MAD DOG: The Dog Days of Summer Are Sirius Stuff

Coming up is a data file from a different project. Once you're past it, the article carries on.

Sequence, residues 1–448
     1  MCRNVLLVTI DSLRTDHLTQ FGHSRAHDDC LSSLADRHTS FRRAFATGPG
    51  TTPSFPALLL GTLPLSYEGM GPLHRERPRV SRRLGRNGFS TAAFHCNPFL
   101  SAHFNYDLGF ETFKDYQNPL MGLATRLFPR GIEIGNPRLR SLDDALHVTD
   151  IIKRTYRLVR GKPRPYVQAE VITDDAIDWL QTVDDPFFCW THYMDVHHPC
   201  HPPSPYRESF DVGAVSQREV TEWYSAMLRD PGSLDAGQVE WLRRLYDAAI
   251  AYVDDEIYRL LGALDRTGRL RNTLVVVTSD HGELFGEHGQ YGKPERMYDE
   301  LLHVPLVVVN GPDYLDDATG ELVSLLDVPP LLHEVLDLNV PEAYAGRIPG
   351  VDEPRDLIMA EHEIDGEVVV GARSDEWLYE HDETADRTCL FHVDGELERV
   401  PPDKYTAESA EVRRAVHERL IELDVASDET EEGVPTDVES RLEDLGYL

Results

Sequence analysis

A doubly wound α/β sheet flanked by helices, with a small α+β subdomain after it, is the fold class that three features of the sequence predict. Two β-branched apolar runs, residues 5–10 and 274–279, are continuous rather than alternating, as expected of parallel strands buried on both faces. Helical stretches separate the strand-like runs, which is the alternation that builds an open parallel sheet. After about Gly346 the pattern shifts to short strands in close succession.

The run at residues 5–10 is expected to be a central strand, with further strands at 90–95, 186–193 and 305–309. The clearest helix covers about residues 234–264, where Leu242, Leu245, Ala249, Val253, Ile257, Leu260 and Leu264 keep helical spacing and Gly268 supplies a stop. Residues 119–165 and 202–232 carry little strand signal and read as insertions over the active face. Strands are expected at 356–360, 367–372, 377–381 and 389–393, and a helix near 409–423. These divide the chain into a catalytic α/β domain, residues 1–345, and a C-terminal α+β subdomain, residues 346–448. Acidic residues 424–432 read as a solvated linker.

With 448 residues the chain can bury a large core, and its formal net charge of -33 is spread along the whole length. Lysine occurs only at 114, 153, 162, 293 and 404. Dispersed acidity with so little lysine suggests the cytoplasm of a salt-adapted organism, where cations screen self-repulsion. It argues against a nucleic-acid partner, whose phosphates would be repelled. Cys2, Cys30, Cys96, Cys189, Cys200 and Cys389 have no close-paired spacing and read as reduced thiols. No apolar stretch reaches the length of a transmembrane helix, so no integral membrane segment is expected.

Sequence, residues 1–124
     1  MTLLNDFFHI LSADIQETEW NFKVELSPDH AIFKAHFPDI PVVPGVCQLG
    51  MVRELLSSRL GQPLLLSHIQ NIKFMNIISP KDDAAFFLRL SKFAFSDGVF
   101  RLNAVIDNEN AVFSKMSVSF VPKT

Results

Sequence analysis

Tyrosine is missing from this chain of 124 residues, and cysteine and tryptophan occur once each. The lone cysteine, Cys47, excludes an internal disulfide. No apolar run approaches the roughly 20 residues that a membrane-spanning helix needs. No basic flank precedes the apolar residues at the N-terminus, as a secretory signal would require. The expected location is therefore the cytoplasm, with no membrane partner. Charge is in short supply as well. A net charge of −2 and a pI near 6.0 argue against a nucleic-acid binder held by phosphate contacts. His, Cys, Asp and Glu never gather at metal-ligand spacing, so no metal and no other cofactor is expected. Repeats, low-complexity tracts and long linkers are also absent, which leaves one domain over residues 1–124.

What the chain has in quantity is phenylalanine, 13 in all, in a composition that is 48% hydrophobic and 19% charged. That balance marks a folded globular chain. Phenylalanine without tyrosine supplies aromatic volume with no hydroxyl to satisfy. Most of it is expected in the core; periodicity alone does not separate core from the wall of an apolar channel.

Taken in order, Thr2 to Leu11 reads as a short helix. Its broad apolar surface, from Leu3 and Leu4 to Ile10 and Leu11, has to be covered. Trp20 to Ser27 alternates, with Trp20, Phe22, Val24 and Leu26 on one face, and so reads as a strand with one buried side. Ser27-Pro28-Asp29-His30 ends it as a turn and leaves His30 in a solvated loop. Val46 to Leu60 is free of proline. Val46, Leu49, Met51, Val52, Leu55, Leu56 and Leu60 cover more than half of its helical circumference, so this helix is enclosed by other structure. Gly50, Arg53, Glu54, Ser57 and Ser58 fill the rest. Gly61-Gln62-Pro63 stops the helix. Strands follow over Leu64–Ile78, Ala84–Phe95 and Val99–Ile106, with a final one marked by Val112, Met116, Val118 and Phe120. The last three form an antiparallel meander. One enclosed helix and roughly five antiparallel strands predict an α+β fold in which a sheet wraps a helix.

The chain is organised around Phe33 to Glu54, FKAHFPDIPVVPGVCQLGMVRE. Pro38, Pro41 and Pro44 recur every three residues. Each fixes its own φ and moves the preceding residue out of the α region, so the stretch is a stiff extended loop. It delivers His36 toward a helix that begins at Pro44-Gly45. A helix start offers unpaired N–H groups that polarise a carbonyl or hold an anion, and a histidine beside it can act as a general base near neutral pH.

There's no question the Dog Days of summer are upon us. That's the time of the year when the thermometer hits triple digits, there's so much humidity in the air that you get in the shower to dry off, and the power company sends you daily thank-you notes because your air conditioning is making the electric meter spin faster than the Tilt-a-Whirl with a speed freak at the controls.Another way to tell, besides the fact that the Dog Days show up every year between mid-July and the end of August along with the fleas, ticks and mosquitoes, is by watching the weather forecast. In their never-ending quest to make you feel as uncomfortable as possible, meteorologistsnin homage to the Marquis de Saden created the heat index. This counterpart to the wind chill factor (temperature times wind speed divided by the number of layers of mitten needed to prevent frostbite) is supposedly how hot it feels as opposed to how hot it actually is. Kind of the virtual temperature. The minute they break out this agony yardstick you can bet there's only one real description for the weather: totally uncalled for.The Dog Days were named by the ancient Romans, who noticed that the dog star Sirius rises and sets with the sun during the summer months. Interestingly, the word Sirius comes from the Greek Seirios, which means burning, or hot enough to fry eggs on the sidewalk. The Romans figured that the combination of the star and the sun is what made it so incredibly hot and humid. Now, of course, we know that since Sirius is 8.6 light-years awaynor twice as long as the line to get into Space Mountain on a typical summer daynit has no effect on the heat build-up, which is actually caused by a hot air mass trapped over Washington, DC as a result of the Senate Governmental Affairs Committee (motto: Who better to know about affairs?) talking itself to death as it investigates alleged campaign finance abuses.But more important than why the Dog Days exist is the fact that they cause people to go, well, a little wacko. Children get cranky and bored, teenagers move into the mall for weeks at a time, and whole families have been known to migrate towards any body of water larger than a coffee pot like lemmings to the ocean. And don't think pets are exempt. Every day brings another warning to make sure your dog has enough water to get through the heat without dehydrating. Right, like the heat makes them forget where the toilet is.This concern is nothing new. Scientists say people have been watching out for dogs for about 135,000 years, which is about how long it's been since Hollywood made a decent summer movie. Until recently they thought dogs had been domesticated for a mere 14,000 years, but by taking DNA samples from 140 domestic dogs and cross referencing it with that of 162 wolves they discovered that blood samples found at the scene of Nicole Simpson and Ronald Goldman's murder was capable of boring all of America. Just kidding. Actually they discovered that a couple of years ago during O.J.'s first trial.But scientists aren't always this frivolous with their research, especially when it comes to dogs. Having nothing better to do with their great big piles of government grant money, they've been looking into answering the age-old question of why dogs lick themselves, and it's not "because they can," so get that silly smile off your face, okay?A pharmacologist at St. Bartholomew's Hospital in London (motto: We never heard of him either but it was the only name left) recently announced that dog spit helps promote healing. Really. Apparently when a dog's saliva combines with its skin it creates nitric oxide which has an antimicrobial effect. Interestingly, this works just as well with human spit as dog spit, which is a good thing or a whole new industry would have cropped up harvesting Great Dane drool.While scientists in England are working to help dogs, others in New Zealand are trying to run them off. Andrew Rakich, a graduate student in physics, developed a spray that smells so bad it scares off dogs. Replicating the chemicals emitted by a skunkntechnically called "stinky stuff" the new product has been approved by the SPCA, which has traditionally been interested in being nice to animals, not repelling them.That's why it's heartening to learn about a Detroit company called Oink-Oink, Inc. which likes dogs. They make delicious, nutritious doggie treats called Oinkers, which are roasted pig ears. And they're popular. They claim they sell more than 2 million Oinkers a month, which not only means there are a lot of happy dogs running around, but that over a million new pigs every month are cupping their hoofs to their head asking, "Eh? What did you say?"Apparently dogs like these things. Then again dogs like to roll around in other animal's excrement and have been known to eat their own vomit. Oinkers come in a variety of flavorsnincluding cool mint, spicy pizza, nacho cheese and French vanillanso there's a flavor for every dog. And for those Jewish and Muslim dogs, Oink-Oink also makes Moo Ears which arenyes, roasted cow ears.So the next time you're sitting around sweltering and griping about the Dog Days of Summer, be thankfulnyou could be a real dog, licking your wounds, running from faux skunk spray, and chewing on a freshly roasted pig ear. Even worse, you could be the earless pig or cow.